How Early Should You Start Saving for College?

college fund, save for college

As if new moms and dads didn’t have enough to do adjusting to parenthood and getting through the days and nights caring for their babies, they also need to start thinking about saving for college. And it’s never too soon.

Most financial experts recommend putting money aside for a child’s college tuition as early as possible. That could mean even before the baby is born or soon after you bring her home from the hospital. A good way to do that is to open a state-sponsored 529 plan, which accumulates money for school tax-free and can be claimed as a deduction on your tax return.

That said, if your own finances aren’t in order, then you should hold off on saving for college until you get things under control.

“Yes, it’s important to start saving for college early, but many experts say you need to place equal if not greater importance on your own retirement plans,” writes Anisha Sekar in a piece on when to start saving for college on “After all, there are other options for paying for college, but your only option without any retirement savings is to a) keep working or b) get by on meager social security payments.  College can be paid for with loan programs, scholarships and grants. Retirement cannot.”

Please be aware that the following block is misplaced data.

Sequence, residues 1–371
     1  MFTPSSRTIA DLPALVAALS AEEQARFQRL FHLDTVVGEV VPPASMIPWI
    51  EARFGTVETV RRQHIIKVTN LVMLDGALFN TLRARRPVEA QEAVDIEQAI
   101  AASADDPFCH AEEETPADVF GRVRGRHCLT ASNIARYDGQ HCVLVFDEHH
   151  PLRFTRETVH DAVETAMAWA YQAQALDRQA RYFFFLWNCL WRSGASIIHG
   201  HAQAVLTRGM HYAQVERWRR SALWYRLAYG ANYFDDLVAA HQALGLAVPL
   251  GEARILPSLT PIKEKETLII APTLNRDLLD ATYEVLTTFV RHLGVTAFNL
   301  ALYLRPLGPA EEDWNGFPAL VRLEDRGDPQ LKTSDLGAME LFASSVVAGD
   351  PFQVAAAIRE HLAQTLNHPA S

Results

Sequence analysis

Sekar recommends making sure parents are contributing 10 percent of their income to their own 401 (k) plans and can continue to do so if they set up a college savings fund. They should also pay off any credit card and student loan debts and have some kind of savings account in place.

Once all that’s taken care of, then save away for college. If you’re one of the lucky ones who had all the financial I’s dotted and T’s crossed before you even started trying to have kids — but knew you wanted children — then you can even open a college savings fund as soon as you decide to be a parent.

And contribute to it regularly as early as you’re able to. Even if you’re just putting small amounts into the account, it will pay off later — which is important since college tuition is so expensive and has risen astronomically (more than 50 percent) in the last 10 years. So, for example, putting aside $100 a month will get you $48,000 over 18 years at an 8 percent annual return, according to CNN Money, which advises investing in stocks as the best way to save for college.

Don’t worry about saving for all four years if that’s not in the cards, either.

“Federal, state and private grants and loans can bridge the gap between your savings and tuition bills, even if you think you make too much to qualify,” says CNN Money.

So what are you waiting for? That piggy bank is calling your name!

What’s your strategy when it comes to saving for college?